I wasn’t so sure that I was ready to come back to the Arkham franchise; honestly I didn’t even finish the first one because I burned out on the combat that became more of a chore then a reward. That, being said I was still looking forward to the newest Batman game due to the fact that I have been reading so much Batman comics lately. The quality of Arkham city really took me by surprise, form both a gameplay and story perspective. Rocksteady learned a lot from Asylum and that really shines through in the refinement and polish.
The atmosphere and story are where Arkham city truly shines. The city itself is wonderfully realized with striking buildings and a great layout. The ambient dialogue from thugs creates an appropriate atmosphere of crime and suffering. All the villains and environments are heavily inspired by their comic book counterparts and the city looks exactly the way Gotham does in movies and comics. These wonderful visual designs add fantastically to the atmosphere which is enhanced by the brilliant story and the best voice cast so far this year. Nolan North is convincingly British and dangerous and the Penguin. This role is far different from his usual style, but he still puts on a wonderful performance. Listening to him viciously threatens and torture Batman is a ton of fun and I found myself looking forward to each new encounter. Troy Baker also stretches his vocal talent as Two-Face and some excellent schizophrenic rambling. Corey Burton also does a fantastic job at playing the main villain, Hugo Strange. I questioned this villain choice at first, but his sinister tones and clear intelligence make him a truly imposing figure for Batman to contend with, and of course Mark Hamill does his usual fantastic job as the Joker. The story, revolving around a mysterious plot by Hugo Strange, is fairly cookie cutter, but with some very decent twists that show Rocksteady was out to do more than make a video game starring Batman. They wanted to tell their own epic Batman tale.
Still none of this would matter if the gameplay was bad, and thankfully it’s not. Both the combat and exploration control fantastically, but there is a fair amount of reputation to be had in this game. The combat is largely timing based, focused on chaining together strikes at the right moment and countering your opponent’s blows. Later in the game new enemies arrive that force you to use your gadgets and moves more efficiently, but the majority of the combat is against the unarmed mooks. Boss battles are spectacular and the amazing voice acting adds to the mood and tension. The battles themselves are slightly disappointing, as they consist of mainly using your latest gadget to weaken the villain and strike their weak point. The movement also controls great with a combination of gliding and grappling that let you move around the city with ease and speed. An install will make the movement go much smoother as the frame rate tends to drop when traveling without one. Stealth is the other key gameplay element, where you hide in the shadows and silently take down the enemies armed with guns. The gun armed enemies are appropriately dangerous, forcing you to actually make use of your different abilities and gadgets. It’s unfortunate that this is one of the few cases that the environment design fails. The game has far more light then Asylum, which unfortunately leads to some situations when goons are staring right at Batman, but do nothing because he is “hidden”. Detective moments when you need to investigate a crime scene or follow a trail are by far the weakest parts of the game. These moments require the simple push of a button and add nothing to the experience except a mild frustration for having to go on a pixel hunt for the right object. Furthermore when following a path, you need to activate each step in the path otherwise the scripting will not display the rest of the path. Obviously having detective moments in a Batman game is important, it just would have been nicer to see some sort of minigame or a better designed puzzle to make it more fun. With the exception of the detective moments the gameplay is well designed and implemented, it would have been nice to see a little more variation in the combat.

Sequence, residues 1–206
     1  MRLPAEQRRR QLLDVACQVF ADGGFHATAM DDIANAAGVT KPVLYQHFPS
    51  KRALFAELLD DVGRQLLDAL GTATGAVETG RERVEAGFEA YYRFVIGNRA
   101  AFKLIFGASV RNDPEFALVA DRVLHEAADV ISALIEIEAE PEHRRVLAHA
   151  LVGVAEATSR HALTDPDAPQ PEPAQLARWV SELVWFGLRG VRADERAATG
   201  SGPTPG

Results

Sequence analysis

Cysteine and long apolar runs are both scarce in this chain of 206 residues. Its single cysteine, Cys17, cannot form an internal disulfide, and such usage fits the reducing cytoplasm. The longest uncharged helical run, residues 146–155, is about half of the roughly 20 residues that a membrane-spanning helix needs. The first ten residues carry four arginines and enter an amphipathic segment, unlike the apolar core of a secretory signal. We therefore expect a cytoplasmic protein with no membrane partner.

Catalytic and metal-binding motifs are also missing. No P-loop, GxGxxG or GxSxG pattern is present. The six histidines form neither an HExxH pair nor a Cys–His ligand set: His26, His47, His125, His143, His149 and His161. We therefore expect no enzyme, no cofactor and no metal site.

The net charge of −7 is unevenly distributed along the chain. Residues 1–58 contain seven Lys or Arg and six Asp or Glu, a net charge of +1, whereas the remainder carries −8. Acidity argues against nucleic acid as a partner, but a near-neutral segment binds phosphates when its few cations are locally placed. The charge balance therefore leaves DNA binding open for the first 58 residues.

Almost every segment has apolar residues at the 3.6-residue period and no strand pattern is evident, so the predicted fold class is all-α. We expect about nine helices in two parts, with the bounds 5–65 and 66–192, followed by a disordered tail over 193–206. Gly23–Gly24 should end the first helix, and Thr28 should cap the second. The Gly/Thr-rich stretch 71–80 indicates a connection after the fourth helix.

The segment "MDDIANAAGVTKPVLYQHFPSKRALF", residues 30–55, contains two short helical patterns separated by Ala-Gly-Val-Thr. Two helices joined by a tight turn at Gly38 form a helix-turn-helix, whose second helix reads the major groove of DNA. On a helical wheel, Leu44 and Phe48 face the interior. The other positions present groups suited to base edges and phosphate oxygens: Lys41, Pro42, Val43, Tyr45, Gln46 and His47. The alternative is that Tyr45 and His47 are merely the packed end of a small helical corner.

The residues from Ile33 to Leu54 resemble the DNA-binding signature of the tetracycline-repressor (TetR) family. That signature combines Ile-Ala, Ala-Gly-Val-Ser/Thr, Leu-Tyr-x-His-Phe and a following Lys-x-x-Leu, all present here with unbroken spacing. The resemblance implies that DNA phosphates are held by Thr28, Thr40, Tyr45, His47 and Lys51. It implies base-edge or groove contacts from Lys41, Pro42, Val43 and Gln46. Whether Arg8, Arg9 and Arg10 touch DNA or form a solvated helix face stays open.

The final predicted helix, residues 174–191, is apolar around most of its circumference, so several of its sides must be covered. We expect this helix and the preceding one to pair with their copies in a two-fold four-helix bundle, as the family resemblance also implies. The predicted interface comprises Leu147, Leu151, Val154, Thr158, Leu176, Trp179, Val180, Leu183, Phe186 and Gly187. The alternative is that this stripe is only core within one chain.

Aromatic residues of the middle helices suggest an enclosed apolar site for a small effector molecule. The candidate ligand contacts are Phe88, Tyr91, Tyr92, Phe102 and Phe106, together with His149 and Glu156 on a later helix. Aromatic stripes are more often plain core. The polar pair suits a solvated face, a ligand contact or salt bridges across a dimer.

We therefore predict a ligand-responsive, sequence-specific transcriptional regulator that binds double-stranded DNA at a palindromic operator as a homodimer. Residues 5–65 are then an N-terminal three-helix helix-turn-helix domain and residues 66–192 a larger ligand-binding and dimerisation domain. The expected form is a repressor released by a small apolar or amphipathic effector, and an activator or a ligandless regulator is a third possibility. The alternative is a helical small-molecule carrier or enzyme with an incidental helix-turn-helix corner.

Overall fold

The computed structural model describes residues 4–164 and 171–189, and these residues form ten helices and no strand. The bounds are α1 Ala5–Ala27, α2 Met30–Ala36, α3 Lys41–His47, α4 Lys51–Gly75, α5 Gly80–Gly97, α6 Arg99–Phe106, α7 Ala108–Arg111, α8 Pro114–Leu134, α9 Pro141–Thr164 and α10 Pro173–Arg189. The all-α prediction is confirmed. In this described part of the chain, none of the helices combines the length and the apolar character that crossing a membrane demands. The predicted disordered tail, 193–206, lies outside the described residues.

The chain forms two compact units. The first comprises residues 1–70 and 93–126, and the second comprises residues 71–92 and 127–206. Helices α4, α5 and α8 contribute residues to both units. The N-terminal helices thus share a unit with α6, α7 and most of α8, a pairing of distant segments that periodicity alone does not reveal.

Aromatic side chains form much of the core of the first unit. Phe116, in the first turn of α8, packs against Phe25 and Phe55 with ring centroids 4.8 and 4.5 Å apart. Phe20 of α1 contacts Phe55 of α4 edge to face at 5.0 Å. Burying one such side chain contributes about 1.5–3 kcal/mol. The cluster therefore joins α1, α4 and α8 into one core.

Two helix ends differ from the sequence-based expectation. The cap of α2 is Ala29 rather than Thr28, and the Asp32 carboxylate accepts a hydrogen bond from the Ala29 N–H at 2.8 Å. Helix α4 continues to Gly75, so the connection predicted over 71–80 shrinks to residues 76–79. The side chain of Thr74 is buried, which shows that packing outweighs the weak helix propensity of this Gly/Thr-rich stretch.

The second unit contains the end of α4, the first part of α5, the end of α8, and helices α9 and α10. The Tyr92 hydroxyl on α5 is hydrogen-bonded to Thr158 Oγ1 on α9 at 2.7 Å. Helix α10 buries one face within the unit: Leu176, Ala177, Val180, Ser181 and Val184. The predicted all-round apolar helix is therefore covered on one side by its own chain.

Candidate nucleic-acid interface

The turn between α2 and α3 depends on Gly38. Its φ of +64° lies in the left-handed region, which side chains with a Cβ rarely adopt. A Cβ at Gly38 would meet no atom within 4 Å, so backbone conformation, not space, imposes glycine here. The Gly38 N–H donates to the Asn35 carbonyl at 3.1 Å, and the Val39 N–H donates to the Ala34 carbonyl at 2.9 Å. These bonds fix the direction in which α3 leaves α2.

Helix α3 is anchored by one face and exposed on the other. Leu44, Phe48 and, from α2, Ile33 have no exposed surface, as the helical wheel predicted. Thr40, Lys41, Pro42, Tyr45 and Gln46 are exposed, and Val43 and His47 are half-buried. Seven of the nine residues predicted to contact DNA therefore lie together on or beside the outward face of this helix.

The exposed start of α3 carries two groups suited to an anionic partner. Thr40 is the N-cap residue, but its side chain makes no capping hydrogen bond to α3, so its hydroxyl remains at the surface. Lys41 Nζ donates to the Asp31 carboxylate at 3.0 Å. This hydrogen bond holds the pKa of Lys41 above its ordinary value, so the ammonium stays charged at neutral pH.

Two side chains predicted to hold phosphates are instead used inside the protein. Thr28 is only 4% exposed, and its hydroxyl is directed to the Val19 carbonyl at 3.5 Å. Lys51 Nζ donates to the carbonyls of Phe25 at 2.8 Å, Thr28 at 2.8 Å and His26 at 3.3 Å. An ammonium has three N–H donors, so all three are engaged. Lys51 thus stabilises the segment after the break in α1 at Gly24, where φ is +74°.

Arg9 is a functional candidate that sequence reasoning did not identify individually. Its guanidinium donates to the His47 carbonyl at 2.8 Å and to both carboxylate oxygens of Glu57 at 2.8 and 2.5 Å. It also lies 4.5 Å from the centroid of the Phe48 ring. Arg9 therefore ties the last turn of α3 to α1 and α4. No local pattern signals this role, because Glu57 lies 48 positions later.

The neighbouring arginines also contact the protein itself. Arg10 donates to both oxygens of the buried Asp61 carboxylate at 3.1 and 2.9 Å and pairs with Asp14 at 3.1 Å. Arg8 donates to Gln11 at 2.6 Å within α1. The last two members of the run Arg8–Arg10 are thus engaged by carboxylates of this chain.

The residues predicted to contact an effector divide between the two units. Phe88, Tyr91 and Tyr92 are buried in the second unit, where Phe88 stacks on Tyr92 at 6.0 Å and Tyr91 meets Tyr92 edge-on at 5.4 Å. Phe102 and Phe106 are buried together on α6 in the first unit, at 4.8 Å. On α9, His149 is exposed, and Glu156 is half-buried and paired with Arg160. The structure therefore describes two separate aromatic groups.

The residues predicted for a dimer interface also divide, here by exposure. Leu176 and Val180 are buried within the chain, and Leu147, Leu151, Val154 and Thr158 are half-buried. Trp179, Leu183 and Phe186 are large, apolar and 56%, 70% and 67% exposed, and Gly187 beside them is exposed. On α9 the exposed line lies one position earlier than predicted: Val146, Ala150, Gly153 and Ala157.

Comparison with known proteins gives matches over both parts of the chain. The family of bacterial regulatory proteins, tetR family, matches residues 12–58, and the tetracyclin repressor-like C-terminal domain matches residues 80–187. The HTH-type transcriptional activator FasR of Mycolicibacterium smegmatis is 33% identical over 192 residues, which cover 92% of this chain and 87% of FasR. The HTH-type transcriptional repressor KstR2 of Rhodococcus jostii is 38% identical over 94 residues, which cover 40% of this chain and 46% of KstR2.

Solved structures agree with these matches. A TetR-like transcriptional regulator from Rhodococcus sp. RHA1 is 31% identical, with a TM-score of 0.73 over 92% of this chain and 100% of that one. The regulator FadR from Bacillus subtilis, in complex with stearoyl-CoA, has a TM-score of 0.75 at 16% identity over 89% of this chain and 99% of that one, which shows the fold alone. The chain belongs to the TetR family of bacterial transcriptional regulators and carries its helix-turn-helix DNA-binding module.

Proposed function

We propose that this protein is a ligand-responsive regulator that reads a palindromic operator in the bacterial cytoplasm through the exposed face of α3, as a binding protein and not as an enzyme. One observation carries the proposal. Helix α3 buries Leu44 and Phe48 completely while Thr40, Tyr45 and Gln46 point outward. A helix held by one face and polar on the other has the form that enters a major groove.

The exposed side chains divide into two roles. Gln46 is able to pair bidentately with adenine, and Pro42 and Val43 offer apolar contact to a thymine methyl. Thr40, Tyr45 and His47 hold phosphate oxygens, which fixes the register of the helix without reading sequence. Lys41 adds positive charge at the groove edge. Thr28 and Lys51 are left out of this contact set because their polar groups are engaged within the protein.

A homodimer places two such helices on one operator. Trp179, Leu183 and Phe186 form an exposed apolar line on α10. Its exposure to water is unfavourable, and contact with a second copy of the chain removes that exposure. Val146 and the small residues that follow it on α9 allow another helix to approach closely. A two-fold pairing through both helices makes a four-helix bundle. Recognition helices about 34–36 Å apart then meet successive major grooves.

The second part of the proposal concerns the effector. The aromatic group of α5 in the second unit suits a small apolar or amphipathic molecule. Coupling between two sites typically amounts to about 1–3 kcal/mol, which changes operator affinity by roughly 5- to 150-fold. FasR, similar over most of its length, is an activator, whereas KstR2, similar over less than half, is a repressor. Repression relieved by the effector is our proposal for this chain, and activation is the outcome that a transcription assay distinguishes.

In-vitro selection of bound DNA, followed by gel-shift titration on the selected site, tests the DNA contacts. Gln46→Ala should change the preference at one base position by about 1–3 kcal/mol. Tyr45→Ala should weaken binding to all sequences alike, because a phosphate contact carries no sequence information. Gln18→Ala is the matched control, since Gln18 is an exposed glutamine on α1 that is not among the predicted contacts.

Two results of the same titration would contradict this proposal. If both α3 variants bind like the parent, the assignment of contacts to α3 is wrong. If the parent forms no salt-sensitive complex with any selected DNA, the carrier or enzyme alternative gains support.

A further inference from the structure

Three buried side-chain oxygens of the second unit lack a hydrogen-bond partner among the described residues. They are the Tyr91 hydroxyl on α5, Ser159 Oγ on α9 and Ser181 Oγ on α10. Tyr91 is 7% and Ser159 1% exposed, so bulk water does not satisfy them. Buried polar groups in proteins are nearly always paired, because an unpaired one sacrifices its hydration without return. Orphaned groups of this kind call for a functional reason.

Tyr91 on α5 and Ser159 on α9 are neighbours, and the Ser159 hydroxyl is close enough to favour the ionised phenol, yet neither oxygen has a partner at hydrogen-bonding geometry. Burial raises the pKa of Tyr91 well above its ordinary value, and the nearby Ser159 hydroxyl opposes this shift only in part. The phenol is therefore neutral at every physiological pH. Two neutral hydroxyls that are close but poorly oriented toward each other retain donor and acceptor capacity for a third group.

The game is filled with collectibles and challenges from the one and only Riddler. Numerous trophies, riddles, and challenges are spread throughout the city. Some of these are relatively easy while others can be devilishly tricky. Completing these allow you to unlock challenge rooms where you can hone your skills and set high scores. Because I found the combat repetitive and am not much of an achievement hunter, I was not particularly motivated to complete them all, but rest assured there are many of them and you are rewarded with a confrontation with the Riddler himself at the end. In addition to the challenges there a numerous side missions hidden around the city featuring characters like Killer Croc, Bane, Azrael, and many more. These help flesh out the story and provide plenty of teasers for the next game.
Catwoman functions as both the games online pass and as a tie in to the main game story. It’s unfortunate that she does not play as well as Batman and lacks many of the gadgets and abilities that make him so much fun to play. Yet her third story mission adds much to the story and missing it could slightly hamper your enjoyment of the product. Overall, Batman Arkham City is a fantastic game. The story, characters, and atmosphere are almost perfect and the gameplay has only a few minor hiccups. It’s certainly worth a pickup especially if you are a batman fan.